She got involved in a coalition fighting against tuition hikes. “I was the only queer person [there] at the time, I think,” she says, “and they were like, ‘go get the LGBT panel happening.’” One thing led to another, and she ended up attending her first ACT UP meeting in December 1993. “I think there was a collective deep depression and grief within the people at ACT UP [at the time],” she explains. “And because I was new, I didn’t have the same level of depression. I was ready to work. And so, I took on a lot of tasks pretty quickly. I was in an affinity group called Action Tours—we dropped a banner at Saks Fifth Avenue restaurant café windows, when John Paul II came to New York, and as I was raised intensely Catholic, I had an ‘oh my god, the devil is going to get me’ [moment]. [The news about dropping the banner] interrupted an NFL football game. It was a big deal at the time.”
Once she graduated, she got hired as a case manager at a transitional housing program for homeless people living with HIV and AIDS in New York City. “And there it became maddening to me that every day we would have what I call a Kafkaesque phone conversation where we would know that there was an empty apartment, and that there was a homeless person who was in that housing program and who was going to get kicked out of the program and return to homelessness. And we could not move that person into this empty apartment because the city’s welfare bureaucracy had become, I think, intentionally, an obstacle to getting people in services that they needed. It was the most difficult to navigate form of welfare, and it was never intended to work.”
So, the housing providers in New York City formed a coalition to help solve this issue, and hired Jennifer to form the necessary network to tackle the housing issue in a more systematic way. That’s how she met Joe Bostic and Joe Capestany, who joined her in working on the housing providers coalition. They also wanted to form an organization centered on the needs of homeless people living with AIDS. “And so that’s what we became, a membership organization comprised of providing for low-income people living with HIV/AIDS,” she says.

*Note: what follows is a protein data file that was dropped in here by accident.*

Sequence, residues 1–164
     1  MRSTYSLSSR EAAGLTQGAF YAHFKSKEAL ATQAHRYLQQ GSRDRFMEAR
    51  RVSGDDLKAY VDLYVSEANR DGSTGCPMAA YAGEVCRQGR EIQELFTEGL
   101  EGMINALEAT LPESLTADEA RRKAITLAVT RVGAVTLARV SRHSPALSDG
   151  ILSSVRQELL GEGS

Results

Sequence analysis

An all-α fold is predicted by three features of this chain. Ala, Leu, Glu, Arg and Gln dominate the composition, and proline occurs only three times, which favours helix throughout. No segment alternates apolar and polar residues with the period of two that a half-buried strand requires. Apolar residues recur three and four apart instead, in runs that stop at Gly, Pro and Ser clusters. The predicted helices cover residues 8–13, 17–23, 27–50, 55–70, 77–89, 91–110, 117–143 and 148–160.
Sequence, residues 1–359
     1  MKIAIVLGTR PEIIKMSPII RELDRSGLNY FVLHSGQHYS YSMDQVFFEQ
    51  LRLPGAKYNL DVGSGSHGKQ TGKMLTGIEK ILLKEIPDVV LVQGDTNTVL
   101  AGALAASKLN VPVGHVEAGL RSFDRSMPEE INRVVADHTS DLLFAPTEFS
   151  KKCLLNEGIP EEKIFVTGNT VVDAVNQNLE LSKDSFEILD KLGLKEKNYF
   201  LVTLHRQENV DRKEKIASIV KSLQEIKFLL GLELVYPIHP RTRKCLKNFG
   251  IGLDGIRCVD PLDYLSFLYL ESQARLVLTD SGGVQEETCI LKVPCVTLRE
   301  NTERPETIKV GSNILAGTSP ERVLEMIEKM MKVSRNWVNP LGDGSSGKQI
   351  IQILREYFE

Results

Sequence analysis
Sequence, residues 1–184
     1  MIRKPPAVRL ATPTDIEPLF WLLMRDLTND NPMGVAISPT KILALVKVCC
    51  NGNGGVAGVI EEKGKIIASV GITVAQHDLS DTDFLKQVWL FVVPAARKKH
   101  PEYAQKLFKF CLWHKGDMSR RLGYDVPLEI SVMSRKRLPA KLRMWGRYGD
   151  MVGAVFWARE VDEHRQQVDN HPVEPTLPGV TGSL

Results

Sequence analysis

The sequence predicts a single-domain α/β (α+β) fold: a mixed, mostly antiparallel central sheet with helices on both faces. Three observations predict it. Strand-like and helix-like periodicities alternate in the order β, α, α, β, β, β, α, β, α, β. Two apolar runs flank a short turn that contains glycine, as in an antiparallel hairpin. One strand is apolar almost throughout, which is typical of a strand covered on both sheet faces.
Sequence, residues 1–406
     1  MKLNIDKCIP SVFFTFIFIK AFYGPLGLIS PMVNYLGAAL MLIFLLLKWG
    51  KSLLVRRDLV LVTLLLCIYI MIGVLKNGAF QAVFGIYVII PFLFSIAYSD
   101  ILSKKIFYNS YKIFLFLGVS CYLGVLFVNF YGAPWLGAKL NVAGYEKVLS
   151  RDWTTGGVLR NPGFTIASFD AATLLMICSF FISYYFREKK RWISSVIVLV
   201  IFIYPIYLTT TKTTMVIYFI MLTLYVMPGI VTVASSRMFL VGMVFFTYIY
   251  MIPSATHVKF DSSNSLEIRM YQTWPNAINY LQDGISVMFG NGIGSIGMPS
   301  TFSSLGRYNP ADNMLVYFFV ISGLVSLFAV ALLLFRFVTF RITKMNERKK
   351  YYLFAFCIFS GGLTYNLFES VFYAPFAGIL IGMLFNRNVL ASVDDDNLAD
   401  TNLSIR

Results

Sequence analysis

The housing providers coalition first known as NYCAHN, or New York City AIDS Housing Network, eventually became VOCAL-NY (Voices of Community Activists and Leaders), an independent organization formed, as mentioned on its website, “by a group of progressive AIDS housing providers in the mid-1990s.”
The focus of the housing providers coalition was to provide housing to people living with HIV/AIDS. Jennifer explains why it was important for these individuals to take priority: “[VOCAL] was founded earlier in the epidemic. We did have the Lazarus effect in the mid-nineties, but we didn’t know how long or if it was going to last. In fact, the other two co-founders, Joe (Jose) Capestany and Joe Bostic lost their own personal fights with [the virus] in 2003 and 2004 [respectively].”
VOCAL had the foresight to realize that treatment not only afforded the potential of improved health outcomes for HIV-positive individuals, but that it could also play a role in prevention. “We always [suspected] that if you can get people [living with HIV] in housing, they will [probably] remain on treatment, and we suspected that if they’re on treatment and can get to an undetectable level they will be less likely to [transmit] the virus. [During the late nineties] we did know that [getting people to stay on treatment] could be a great form of HIV prevention [as well as confer obvious health benefits to them].”